We run out of Redmonk ratings - they reasonably stop at 21 places (after ties), but there are still more recommended clients. Switching to alphabetical order we have:

Crystal (-) and crystal-redis

For Crystal developers, the crystal-redis package is the only option we know of. It has an idiomatic style API which appears to be up to but not including Redis 3.0.

Dart (-) and DartRedisClient

The DartRedisClient seems to have stalled in development. As a Redis client for Dart, Google's JavaScript alternative, the library reached a version 0.1 last year and there have been no commits since. That said, the 0.1 version offers an idiomatic API which returns Futures for async/non-blocking functionality.

Erlang (-) and Eredis

Erlang developers are recommended Eredis which is a minimalist non-blocking library, with support for pipelining and auto-reconnection, but no support for sentinels or clustering.

Lua (-) and Redis-lua

The Redis-lua library has support for commands up to, and including, Redis 2.6 in an idiomatic API but hasn't been updated since 2014.

Rust (-) and Redis-rs

The Rust libraray for Redis, Redis-rs, is being actively developed and strikes a half-way house between idiomatic and minimalist - there is some high-level functionality but it's only for commonly used features, but developers are free to fall back to using the low-level API to construct any Redis commands they wish. There are also features limited by what's currently implemented in the languge - these are detailed in the documentation.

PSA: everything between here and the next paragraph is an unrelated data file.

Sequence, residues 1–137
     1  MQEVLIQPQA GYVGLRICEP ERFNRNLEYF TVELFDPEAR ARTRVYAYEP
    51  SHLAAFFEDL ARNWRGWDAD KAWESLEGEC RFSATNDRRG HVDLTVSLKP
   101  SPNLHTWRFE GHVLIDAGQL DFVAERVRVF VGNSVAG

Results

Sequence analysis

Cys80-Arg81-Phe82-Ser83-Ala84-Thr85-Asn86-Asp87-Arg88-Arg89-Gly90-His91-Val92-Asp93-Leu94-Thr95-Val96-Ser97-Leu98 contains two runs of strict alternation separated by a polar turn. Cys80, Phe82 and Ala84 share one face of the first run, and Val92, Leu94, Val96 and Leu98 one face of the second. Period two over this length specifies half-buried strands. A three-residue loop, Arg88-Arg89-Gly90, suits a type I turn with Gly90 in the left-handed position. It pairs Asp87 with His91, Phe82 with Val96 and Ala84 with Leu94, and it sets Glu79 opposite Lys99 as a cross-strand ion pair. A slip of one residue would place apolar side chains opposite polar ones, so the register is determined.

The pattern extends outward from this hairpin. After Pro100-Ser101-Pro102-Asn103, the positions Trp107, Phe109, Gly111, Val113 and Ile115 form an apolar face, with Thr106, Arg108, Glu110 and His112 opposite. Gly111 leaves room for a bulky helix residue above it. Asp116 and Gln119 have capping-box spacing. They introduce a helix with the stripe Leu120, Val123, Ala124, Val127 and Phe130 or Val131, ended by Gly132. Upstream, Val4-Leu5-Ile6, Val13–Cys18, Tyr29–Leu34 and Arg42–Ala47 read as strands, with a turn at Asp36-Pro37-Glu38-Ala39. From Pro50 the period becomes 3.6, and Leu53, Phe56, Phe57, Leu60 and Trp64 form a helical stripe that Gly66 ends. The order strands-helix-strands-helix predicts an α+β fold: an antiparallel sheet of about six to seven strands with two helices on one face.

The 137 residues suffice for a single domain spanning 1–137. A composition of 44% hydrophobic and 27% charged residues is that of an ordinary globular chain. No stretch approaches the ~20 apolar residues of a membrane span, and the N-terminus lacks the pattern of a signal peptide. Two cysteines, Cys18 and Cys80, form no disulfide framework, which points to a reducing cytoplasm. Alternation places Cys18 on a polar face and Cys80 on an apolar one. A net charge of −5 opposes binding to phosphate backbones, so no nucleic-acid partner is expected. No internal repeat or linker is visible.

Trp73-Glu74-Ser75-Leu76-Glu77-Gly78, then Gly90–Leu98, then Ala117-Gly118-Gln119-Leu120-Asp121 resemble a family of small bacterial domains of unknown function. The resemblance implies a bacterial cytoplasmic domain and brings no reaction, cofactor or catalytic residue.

Scala (-) and Scala-redis

The scala-redis library is actively being developed and its more recent work has brought support for Redis 3.2's GEO commands among other things. It works with native Scala types and is not a wrapper around a Java client. It's a blocking client but has a pool and asynchronous futures built on top of that. And it's idiomatic. Scala developers are not short of Redis client alternatives, but scala-redis seems to cover most core requirements.

And there the tour ends

Hopefully, you'll come away with a good feeling about the range of languages covered by the Redis community's driver work. From strictly minimalist drivers that cover the protocol with a thin veneer of essential code, to rich idiomatic libraries designed to make Redis a natural fit to the language in use, there's a lot of ground that is covered. Remember, we've only touched all too briefly on the recommended drivers and there's a whole lot more that are not recommended but worth investigating. We'll be taking a deep dive on some of these Redis libraries in the future.

We invite anyone who is knowledgable about a Redis driver to check out our Write Stuff page where you can earn cash and database credits.

If you have any feedback about this or any other Compose article, drop the Compose Articles team a line at articles@compose.com. We're happy to hear from you.

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Dj Walker-Morgan
Dj Walker-Morgan was Compose's resident Content Curator, and has been both a developer and writer since Apples came in II flavors and Commodores had Pets. Love this article? Head over to Dj Walker-Morgan’s author page to keep reading.